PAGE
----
While dough rises, line a 9x13-inch pan with aluminum foil, spray with cooking spray; set aside.

Rolling Out the Dough:
After dough has doubled in size, punch it down. Turn dough out onto a Silpat or floured countertop. With a rolling pin, roll it out to about 26-by-13-inches. Use the 13-inch side of the 9-x13 pan to eyeball it, no need use a ruler.

Using a knife, evenly spread butter over dough, leaving a ½-inch bare margin.

Add about ¾ cup marmalade, more as needed, and smooth it with a knife. It should be a thin-ish layer; too much and you risk it leaking, but not enough and the rolls aren't orangey enough; use your judgment. The butter and marmalade get smeared together, which is okay.

Evenly sprinkle the brown sugar over the top, and lightly pat it down with your fingertips to help it adhere.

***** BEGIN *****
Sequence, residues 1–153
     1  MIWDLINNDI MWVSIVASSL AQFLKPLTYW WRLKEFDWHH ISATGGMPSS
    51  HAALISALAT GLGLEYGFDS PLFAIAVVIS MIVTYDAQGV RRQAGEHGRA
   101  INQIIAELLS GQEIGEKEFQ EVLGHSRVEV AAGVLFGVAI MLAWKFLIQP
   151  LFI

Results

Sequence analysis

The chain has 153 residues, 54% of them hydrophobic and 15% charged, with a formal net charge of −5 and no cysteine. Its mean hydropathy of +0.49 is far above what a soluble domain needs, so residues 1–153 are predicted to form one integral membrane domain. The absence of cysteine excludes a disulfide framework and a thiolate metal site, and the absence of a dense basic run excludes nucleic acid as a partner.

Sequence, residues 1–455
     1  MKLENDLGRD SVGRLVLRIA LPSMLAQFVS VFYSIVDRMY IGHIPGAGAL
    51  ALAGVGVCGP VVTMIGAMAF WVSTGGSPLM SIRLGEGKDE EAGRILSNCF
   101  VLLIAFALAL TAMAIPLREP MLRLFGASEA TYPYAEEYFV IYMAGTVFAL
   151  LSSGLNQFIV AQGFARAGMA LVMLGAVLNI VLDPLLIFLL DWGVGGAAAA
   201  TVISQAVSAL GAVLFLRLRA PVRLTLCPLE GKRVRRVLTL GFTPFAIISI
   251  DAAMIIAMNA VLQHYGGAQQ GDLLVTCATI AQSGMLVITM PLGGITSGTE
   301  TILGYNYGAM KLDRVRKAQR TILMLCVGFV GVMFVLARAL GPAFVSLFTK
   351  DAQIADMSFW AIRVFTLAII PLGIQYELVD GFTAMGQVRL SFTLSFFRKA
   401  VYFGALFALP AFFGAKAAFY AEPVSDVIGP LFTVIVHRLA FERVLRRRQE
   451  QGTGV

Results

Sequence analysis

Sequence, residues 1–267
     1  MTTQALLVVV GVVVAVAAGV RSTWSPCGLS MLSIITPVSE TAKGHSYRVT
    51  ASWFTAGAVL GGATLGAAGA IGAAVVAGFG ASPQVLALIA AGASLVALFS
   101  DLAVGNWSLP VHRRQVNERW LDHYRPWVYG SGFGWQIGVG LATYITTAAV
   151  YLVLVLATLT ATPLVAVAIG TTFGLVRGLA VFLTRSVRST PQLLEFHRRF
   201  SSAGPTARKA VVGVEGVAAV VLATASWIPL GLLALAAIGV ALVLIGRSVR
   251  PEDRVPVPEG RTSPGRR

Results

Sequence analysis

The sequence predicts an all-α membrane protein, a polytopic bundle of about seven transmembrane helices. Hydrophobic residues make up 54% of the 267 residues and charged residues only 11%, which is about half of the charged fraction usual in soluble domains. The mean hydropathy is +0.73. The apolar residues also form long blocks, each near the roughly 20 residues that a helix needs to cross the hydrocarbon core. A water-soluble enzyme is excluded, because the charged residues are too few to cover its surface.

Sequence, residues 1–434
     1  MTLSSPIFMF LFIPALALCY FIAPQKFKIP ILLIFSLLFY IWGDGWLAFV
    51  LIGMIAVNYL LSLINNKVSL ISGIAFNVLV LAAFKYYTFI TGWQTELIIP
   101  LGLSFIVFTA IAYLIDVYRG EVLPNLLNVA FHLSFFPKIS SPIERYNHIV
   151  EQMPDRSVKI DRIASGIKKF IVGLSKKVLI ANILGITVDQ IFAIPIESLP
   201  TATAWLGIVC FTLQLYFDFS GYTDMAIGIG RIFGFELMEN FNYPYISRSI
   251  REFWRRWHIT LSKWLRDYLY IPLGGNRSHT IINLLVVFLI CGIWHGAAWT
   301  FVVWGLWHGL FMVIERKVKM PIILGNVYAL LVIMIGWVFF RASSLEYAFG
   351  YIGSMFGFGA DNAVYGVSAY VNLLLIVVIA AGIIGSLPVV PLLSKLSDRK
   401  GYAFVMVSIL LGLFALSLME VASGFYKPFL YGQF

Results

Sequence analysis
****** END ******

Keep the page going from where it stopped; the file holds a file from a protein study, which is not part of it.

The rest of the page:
Slicing the Dough:
Starting with a long edge (the 26-inch side), roll the dough into a tightly wound log, with the seam side down.

Using a knife, make small hash marks so there will be 20 evenly sized rolls (about 1- to 1½-inches wide; or make bigger rolls and yield 12 to 16). Hash marks create less guesswork once you start slicing and things get messier and harder to eyeball where to slice; the hash marks are nice place-markers.

Use plain, unwaxed dental floss to slice the rolls. I highly recommend slicing the rolls with floss, not knives. Floss does not squish or compact the log like knives do.

Arrange the rolls in the prepared pan, 5 rows of 4 rolls across. Cover with plastic wrap.

Make Straight Through:
Let rise in a warm, draft-free place until the rolls have nearly doubled in size, about 1 hour.

Or...Make as Overnight Rolls: